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Lawsuits & Litigation

PETA, Activists File Lawsuit to Block Interactive Aquarium from Opening in Fort Lauderdale

— March 14, 2019

PETA, the Animal Rights Foundation of Florida, and a local activist recently filed a lawsuit against SeaQuest, a giant interactive aquarium set to open soon. However, if the plaintiffs get their way, the aquarium will never be allowed to open.

SeaQuest, a giant interactive aquarium in Fort Lauderdale, Florida, is set to open at the Galleria mall this coming summer. However, a lawsuit may prevent that from happening. The suit in question was filed earlier this month by PETA, along with Ana Campos, a local activist, and the Animal Rights Foundation of Florida. The suit argues that the city of Fort Lauderdale broke its “own rules by giving SeaQuest Aquarium a permit.”

Animal Rights graphic
Animal Rights graphic; image courtesy of TheDigitalArtist via Pixabay,

The aquarium obtained its permit back in February after notifying Fort Lauderdale officials that the aquarium and its 1,200 “sea creatures, birds and reptiles would be more like a museum.” However, the suit argues that the aquarium “rebranded itself as a museum on paper because city zoning laws prohibit an aquarium from operating inside the mall.” Campos herself ridiculed the aquarium’s claim and said:

“It’s literally a petting zoo in a shopping mall. At the end of the day, Seaquest will never be confused for a museum. They’re trying to get around the city’s zoning laws. If a strip club said they were a bookstore maybe the city would have approved that too.”

At the moment, Fort Lauderdale has not been served with the suit, though Mayor Dean Trantalis and the city attorney have both seen it. Trantalis said, “they want a judge to review the law and determine whether or not staff applied the facts of the case to the zoning we have.”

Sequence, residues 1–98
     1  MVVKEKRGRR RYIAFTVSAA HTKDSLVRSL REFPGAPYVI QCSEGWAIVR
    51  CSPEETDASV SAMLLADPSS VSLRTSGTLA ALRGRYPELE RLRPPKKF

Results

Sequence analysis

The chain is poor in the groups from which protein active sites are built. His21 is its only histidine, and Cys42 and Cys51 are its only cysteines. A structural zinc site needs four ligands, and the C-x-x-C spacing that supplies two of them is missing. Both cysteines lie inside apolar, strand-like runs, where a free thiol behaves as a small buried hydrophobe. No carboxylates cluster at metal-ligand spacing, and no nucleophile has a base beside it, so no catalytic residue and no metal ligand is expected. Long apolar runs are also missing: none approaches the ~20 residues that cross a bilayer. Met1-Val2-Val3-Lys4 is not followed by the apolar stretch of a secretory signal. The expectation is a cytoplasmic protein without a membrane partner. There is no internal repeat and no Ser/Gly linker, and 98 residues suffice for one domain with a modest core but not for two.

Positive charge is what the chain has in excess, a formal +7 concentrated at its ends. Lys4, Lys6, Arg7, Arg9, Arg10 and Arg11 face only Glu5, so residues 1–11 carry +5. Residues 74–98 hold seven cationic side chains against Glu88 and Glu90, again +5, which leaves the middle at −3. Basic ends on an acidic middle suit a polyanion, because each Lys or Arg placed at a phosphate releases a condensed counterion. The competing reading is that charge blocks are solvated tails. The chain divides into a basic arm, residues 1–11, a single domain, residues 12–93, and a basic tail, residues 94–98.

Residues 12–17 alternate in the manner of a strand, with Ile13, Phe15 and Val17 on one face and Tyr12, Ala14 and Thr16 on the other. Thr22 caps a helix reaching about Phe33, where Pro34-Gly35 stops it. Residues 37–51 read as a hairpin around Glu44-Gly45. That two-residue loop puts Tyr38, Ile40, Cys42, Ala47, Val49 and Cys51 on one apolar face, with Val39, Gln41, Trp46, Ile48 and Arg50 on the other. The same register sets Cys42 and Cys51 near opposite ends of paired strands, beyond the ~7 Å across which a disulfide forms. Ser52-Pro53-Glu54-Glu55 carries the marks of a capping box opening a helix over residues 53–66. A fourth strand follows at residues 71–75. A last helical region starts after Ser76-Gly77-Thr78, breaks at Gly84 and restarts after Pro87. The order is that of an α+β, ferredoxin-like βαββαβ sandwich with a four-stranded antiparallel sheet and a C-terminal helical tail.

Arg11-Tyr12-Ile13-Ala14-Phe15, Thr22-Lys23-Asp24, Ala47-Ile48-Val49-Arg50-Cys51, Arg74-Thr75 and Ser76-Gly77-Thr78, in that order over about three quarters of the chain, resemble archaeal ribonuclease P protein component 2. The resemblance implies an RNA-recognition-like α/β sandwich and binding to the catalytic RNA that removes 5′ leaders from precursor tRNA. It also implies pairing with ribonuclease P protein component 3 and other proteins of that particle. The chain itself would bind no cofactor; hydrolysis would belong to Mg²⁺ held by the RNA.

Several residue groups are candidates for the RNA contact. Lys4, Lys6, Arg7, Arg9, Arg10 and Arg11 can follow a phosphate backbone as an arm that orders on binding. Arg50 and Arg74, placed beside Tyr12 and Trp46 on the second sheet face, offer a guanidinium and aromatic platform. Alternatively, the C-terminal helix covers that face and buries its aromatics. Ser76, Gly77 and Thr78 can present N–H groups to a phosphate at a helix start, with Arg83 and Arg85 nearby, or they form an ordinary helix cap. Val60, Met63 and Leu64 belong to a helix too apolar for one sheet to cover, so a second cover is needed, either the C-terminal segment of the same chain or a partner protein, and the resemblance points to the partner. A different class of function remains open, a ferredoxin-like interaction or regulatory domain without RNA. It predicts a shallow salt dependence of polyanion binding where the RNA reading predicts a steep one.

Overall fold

Officials for the city said the permit only required staff approval and therefore did not have to “come before the city commission.” The officials also said the “commission had no power to stop the attraction from coming to town.”

Campos said, “Our lawyer says they always had the power. A change of use gives them the power. This is not about a goldfish in a tank.”

In response to the lawsuit, SeaQuest CEO Vince Covino simply referred all questions to a spokesman who has yet to return requests for comment.

This isn’t the first time SeaQuest has come under fire. With aquariums in five other states, including Colorado, Nevada, California, Texas, and Utah, SeaQuest has been the target of whistleblowers who made allegations that “eels, stingrays and other animals have died from neglect.”

In response to the complaints and allegations, SeaQuest officials said they regularly encourage officials from the humane society and animal control officers to visit their onsite locations to inspect the animals. Additionally, according to the company, the new Fort Lauderdale location will actually have a veterinarian on hand to help ensure the animals remain healthy.


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